Just as the true Muslim young man will not be attracted to the pretty girls who have grown up in a bad environment, so the Muslim young woman who is guided by her religion will not be attracted to st**id "play-boy" types, no matter how handsome they may be. Rather she will be attracted to the serious, educated, believing man who is clean-living and pure of heart, whose behaviour is good and whose understanding of religion is sound. No-one is a suitable partner for the good, believing woman except a good, believing man; and no-one is a suitable partner for the wayward, immoral woman but a wayward, immoral man, as Allah (subhaanahu wa 'ta'aalaa) has said:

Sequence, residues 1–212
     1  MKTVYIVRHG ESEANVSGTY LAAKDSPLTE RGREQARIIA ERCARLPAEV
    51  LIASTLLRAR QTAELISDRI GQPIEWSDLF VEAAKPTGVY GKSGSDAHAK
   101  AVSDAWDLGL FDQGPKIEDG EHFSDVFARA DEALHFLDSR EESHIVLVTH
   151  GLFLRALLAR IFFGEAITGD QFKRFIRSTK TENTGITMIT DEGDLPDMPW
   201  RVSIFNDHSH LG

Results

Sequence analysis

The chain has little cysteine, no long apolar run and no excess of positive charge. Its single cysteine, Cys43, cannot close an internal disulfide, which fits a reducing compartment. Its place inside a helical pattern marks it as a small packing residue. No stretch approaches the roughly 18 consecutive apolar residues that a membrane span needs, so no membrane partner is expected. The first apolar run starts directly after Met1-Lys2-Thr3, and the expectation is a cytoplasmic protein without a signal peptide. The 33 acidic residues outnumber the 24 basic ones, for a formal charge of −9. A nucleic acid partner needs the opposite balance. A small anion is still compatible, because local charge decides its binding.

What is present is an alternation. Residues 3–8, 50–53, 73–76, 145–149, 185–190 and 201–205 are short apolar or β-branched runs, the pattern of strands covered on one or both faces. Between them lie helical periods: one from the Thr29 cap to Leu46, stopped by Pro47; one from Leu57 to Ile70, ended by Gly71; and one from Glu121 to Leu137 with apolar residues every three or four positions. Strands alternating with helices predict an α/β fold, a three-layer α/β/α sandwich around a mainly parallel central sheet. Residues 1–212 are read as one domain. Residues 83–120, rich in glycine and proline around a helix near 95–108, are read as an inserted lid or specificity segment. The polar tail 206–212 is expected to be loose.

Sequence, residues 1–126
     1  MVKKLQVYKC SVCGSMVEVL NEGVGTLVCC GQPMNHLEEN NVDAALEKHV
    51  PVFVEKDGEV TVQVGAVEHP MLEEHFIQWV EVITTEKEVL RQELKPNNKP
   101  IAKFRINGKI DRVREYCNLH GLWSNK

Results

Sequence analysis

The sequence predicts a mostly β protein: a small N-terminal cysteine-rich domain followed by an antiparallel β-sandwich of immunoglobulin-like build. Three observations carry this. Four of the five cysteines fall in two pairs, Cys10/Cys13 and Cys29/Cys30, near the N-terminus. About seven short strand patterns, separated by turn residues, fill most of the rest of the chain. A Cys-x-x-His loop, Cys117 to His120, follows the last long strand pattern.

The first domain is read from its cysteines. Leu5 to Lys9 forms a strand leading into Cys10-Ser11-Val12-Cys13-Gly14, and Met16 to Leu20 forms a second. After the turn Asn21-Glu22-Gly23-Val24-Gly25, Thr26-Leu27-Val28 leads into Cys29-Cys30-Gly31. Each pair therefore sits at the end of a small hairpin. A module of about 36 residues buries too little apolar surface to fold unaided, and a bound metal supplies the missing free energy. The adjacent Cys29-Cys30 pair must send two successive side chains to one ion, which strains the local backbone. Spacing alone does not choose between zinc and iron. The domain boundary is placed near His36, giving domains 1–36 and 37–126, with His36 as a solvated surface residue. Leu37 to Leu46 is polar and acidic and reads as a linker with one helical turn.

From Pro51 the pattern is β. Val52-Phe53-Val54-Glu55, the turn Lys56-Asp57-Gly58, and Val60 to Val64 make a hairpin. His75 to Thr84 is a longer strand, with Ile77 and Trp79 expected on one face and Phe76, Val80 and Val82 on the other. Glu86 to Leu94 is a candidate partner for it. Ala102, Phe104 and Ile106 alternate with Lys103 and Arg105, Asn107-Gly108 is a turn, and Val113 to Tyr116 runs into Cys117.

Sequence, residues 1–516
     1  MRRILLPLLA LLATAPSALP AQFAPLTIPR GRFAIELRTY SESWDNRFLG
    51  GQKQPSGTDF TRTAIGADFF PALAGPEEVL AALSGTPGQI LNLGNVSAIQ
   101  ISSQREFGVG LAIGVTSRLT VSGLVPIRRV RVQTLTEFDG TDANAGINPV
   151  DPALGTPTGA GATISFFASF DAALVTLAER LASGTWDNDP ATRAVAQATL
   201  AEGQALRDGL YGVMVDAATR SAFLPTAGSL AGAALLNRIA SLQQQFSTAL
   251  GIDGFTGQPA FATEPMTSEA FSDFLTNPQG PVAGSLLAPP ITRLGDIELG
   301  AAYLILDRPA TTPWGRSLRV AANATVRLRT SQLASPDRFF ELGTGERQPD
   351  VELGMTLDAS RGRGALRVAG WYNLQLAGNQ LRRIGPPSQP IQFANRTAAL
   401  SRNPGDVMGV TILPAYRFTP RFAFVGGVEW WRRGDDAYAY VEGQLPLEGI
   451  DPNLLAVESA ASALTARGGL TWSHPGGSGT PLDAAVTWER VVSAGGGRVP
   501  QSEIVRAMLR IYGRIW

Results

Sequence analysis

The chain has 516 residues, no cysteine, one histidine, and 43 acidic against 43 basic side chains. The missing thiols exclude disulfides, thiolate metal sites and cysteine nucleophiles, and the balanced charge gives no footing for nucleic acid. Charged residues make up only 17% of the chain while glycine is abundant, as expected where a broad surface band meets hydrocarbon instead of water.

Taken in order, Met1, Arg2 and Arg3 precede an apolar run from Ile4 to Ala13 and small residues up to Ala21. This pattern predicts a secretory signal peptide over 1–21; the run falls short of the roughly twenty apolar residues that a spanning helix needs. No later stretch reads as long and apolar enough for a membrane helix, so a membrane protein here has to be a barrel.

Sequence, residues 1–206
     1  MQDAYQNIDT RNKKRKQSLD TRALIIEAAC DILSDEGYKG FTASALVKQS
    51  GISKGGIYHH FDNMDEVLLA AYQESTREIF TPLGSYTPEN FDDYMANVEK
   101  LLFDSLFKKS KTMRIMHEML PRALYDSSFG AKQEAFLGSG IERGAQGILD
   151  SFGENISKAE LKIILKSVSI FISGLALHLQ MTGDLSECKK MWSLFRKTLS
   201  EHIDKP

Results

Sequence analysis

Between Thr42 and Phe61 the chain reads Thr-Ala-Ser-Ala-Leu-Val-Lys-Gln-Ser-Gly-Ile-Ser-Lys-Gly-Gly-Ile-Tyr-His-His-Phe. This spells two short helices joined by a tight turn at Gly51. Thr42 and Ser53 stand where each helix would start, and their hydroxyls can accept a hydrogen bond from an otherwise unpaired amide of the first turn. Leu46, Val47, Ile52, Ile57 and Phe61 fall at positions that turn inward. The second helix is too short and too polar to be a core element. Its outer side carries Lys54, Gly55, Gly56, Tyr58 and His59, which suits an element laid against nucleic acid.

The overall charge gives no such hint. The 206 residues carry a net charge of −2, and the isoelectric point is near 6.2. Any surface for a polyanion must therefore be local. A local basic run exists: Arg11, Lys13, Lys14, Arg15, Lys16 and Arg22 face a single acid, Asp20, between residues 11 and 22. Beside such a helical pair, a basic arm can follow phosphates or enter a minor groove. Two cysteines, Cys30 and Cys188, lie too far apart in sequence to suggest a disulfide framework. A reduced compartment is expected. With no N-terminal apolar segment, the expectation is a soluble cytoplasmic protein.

Women impure are for men impure, and men impure for women impure, and women of purity are for men of purity, and men of purity are for women of purity . . . (Qur'aan 24:26)

This does not mean that the Muslim woman should completely ignore the matter of physical appearance, and put up with unattractiveness or ugliness. It is her right - as stated above - to marry a man for whom her heart may be filled with love, and who is pleasing to her both in his appearance and in his conduct. Appearance should not be neglected at the expense of inner nature, or vice versa. A woman should choose a man who is attractive to her in all aspects, one who will gain her admiration and respect. The true Muslim woman is never dazzled by outward appearances, and she never lets them distract her from seeing the essence of a potential spouse. The Muslim woman knows that the man has the right of qiwamah over her, as the Qur'aan says:

( Men are the protectors and maintainers [qawwamun] of women, because Allah has given the one more [strength] than the other, and because they support them from their means . . .) (Qur'aan 4:34)